Awami League’s only other election, in 1973, was also filled with gross irregularities to ensure victory for the chosen candidates of Prime Minister Sheikh Mujibur Rahman, father of Hasina (One glaring example was that the ballot boxes of Comilla-9–Chandina–constituency were flown to Dhaka. After “recounting,” the loser Khandakar Mushtaque Ahmed, a close ally of Mujib, was declared the winner). In the 1970 Pakistan national election, the Awami hooligans prevented electioneering by rival parties in East Pakistan, today’s Bangladesh. The AL garnered an absolute majority in that election.

Election Time Caretaker Authority

In the wake of a controversial February 1996 election, which the Awami League boycotted demanding elections under a neutral Caretaker Government (CTG), the ruling BNP administration enacted the CTG, dissolved itself and arranged fresh elections under the CTG in June 1996. Reportedly, pressure also came from the administration of US President Bill Clinton for a fair and participatory election under a neutral authority. All the elections held under the CTG were considered fair and credible.

Ironically, having firmly saddled in authority in 2009 and taking advantage of its parliamentary majority, the Hasina administration summarily dismissed the CTG, even though it moved heaven-n-earth for its creation and was a direct beneficiary of the system. Clearly, doing away with CTG was aimed at managing the future elections in its favor. The farcical elections of 2014 and 2018 are before the whole world. So was the scenario and results in the nearly 6000 local level elections during the Awami rule.   

The next election is due in less than two years. For Bangladesh, this period is too large. Much damage has already been done to the country, its history, its constitution and the values it stood for at the whims and fancies of an absolute authoritarian rule for the past thirteen years. The regime is called unelected and illegal as it did not come through a public choice; nor does it have a popular mandate. Common people are neck deep in suffering. They are suffocated and can take no more. They cannot talk under the draconian Digital Security Act, which victimizes people even for writing a parody line on the Prime Minister, her family members or her administration. Critics of the regime landed in harsh troubles, some never to come out alive.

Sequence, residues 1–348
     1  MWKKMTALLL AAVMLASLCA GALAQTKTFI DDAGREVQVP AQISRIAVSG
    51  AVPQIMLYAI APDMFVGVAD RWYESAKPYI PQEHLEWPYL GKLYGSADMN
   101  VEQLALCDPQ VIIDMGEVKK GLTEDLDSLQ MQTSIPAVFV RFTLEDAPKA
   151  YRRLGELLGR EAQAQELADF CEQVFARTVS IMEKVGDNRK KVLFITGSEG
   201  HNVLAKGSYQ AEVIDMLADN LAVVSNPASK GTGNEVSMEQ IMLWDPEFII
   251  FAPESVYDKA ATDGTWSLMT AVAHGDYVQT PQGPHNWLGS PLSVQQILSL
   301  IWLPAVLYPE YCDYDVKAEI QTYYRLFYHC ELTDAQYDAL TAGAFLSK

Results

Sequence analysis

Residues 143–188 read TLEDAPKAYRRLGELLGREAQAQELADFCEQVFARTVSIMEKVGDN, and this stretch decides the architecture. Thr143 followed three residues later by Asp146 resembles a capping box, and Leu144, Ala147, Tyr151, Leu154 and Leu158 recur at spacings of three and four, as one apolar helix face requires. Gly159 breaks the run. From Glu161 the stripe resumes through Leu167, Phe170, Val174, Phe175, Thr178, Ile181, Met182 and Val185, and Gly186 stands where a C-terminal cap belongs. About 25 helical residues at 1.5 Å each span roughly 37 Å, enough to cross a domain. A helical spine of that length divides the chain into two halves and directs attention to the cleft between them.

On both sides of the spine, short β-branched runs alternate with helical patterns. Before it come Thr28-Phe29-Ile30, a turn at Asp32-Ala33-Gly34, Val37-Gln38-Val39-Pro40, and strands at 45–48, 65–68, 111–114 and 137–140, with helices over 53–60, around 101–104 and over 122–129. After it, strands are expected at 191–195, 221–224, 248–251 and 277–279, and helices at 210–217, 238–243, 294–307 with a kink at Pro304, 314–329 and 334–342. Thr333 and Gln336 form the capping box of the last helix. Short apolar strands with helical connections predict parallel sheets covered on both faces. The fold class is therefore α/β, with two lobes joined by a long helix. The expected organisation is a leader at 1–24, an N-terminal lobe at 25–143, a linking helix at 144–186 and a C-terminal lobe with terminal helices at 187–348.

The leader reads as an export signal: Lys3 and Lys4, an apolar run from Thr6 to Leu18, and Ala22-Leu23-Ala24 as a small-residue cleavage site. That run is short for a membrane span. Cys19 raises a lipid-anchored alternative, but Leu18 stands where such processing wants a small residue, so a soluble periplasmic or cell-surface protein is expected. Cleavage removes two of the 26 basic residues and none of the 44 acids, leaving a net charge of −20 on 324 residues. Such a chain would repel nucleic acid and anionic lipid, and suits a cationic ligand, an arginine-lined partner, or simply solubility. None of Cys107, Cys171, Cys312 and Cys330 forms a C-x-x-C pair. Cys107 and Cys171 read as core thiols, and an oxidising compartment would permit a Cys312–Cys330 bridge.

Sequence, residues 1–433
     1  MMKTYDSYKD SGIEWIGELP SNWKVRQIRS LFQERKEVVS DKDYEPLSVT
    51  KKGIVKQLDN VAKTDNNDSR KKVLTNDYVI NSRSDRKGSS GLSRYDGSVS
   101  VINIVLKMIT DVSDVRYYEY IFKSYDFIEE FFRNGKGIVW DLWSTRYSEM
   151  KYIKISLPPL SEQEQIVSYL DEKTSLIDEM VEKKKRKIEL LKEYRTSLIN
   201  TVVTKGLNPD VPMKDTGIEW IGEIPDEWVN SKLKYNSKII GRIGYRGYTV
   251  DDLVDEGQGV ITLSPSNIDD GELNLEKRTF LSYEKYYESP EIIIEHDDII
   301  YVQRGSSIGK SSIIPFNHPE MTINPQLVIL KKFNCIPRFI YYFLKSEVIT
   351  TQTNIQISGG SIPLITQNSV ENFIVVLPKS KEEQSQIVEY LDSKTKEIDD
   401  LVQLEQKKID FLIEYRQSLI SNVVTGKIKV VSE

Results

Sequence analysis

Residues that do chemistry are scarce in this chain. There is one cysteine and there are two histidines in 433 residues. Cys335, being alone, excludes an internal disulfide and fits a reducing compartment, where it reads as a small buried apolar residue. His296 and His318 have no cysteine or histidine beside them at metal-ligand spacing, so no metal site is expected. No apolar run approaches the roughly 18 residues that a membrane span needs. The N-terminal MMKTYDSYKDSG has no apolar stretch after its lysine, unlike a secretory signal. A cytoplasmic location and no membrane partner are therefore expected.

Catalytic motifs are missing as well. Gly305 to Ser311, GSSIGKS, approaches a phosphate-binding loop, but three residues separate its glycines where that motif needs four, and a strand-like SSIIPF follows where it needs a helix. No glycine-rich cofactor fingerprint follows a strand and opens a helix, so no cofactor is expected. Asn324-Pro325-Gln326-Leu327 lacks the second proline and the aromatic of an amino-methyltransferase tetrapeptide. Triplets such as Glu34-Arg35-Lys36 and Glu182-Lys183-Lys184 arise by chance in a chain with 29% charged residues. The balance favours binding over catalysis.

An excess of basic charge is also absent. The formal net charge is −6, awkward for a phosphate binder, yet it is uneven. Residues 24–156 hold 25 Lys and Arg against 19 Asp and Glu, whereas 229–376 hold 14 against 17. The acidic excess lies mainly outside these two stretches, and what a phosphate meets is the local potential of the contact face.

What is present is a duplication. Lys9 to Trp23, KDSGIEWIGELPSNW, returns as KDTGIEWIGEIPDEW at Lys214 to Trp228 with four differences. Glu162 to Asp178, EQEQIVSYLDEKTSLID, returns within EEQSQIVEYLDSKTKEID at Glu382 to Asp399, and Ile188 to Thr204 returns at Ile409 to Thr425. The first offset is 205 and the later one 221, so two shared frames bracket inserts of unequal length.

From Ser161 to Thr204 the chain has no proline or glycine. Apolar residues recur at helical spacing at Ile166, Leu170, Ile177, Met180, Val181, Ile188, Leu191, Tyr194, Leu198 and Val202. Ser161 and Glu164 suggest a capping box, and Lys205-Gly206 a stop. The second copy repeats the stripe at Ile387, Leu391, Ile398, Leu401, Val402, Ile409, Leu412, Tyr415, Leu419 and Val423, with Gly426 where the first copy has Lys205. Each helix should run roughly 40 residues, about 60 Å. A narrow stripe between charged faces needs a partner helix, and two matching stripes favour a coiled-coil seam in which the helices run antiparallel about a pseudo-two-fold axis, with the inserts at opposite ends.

Hoax of Constitutionality 

“Constitutionality” is a convenient pretext for holding the elections under the ruling authority. However, the crux is, the constitution itself was thoroughly ripped to suit partisan interests since 2009. So is the argument for the Election Commission, which is composed of loyal elements to serve the interest of the ruling entity. Hence the arguments of “constitutionality” are meaningless and absurd. Most importantly, India, the regional powerbroker and the sponsor of Sheikh Hasina, is a party to the country’s fascist activities and wrongdoings. According to Subir Bhaumik, a writer believed to be aligned with the Research and Analysis Wing (RAW), the external intelligence agency of India, New Delhi continues to persuade Washington that there is no alternative to Sheikh Hasina in Bangladesh. The argument is totally illogical and unfounded.

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The next election must, therefore, be held under a non-partisan, neutral caretaker authority with a view to ensuring democracy, human rights, election security, rule of law and equitable development in Bangladesh.